There are many grids available for ASP.NET MVC. If you’re prepared to dedicate your project to a single grid at the outset of your project, and never change it, nor support alternate platforms, like mobile, then you can (almost) be a happy developer. But if you think you might want to support mobile devices, tablets, and desktop browsers with the same application, if you acknowledge the possibility that you might want to change your mind about which grid you will use in the future, or if you care about separation of concerns, then you may have a problem.

Most grids don’t support ASP.NET MVC very well. In particular, they often:

  • Push presentation concerns into the controller. In my opinion, the specific grid you choose in the manner in which it is rendered (column headers, search features, paging, etc.) is a presentation concern, and belongs in the view portion of an application with MVC architecture. Controllers should be grid-agnostic, both in the datatypes they use and in the way you structure your actions.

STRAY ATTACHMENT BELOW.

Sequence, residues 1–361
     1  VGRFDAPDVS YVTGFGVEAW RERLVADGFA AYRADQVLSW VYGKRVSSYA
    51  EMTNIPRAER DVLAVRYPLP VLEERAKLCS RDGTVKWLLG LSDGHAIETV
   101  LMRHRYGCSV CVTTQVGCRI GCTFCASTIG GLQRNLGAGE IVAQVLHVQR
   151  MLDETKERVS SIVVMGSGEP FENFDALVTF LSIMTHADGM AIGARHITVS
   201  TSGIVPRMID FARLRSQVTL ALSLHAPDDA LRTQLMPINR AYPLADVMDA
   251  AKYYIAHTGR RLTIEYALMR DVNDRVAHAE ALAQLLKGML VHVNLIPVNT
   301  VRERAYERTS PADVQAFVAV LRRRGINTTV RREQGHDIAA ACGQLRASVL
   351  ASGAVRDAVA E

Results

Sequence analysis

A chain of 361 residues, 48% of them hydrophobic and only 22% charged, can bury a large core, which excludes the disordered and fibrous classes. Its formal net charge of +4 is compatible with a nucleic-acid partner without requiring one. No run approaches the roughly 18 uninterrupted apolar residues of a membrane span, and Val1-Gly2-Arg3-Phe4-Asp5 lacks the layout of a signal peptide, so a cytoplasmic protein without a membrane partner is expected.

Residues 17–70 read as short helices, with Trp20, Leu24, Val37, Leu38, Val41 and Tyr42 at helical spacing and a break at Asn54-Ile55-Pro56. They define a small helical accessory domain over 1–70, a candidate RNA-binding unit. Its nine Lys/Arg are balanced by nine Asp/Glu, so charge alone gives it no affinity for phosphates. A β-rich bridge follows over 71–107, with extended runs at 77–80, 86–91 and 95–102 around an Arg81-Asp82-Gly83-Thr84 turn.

• Render JavaScript inline. For best page rendering performance, JavaScript should be included at the very end of the body tag.
  • Don’t support DataAnnotations and other features related to MVC 2’s templates. If I have a view model which is marked up with DataAnnotations attributes like [DataType(DataType.Date)], then I should not have to do anything further in order to get a grid to display correctly.
  • Require too much code in too many places to get a decent grid on the page.
  • Don’t support ASP.NET MVC at all. SlickGrid, for example, is a fairly popular JavaScript-based grid which suffers from being minimally documented and does not ship with an MVC interface. This is understandable, because writing a rich integration with ASP.NET MVC is a fair amount of work! What if there were an easier way…?

A while back, I published some simple examples of how to integrate jqGrid with ASP.NET MVC. I’ve used this general technique in real-world projects, but the lack of support for DataAnnotations/templated views in my code was becoming a maintenance issue; the technique I demonstrated there required writing too much JavaScript. I decided to go back and add support for MVC 2 templated views and generate the JavaScript. As I did so, however, I quickly realized that there was very little jqGrid-specific code in my project. I partitioned this off into its own namespace and added a feature allowing the user to specify a grid renderer at runtime. Mixing in fixes for all of the issues above, I now have the skeleton of a generic grid interface in place.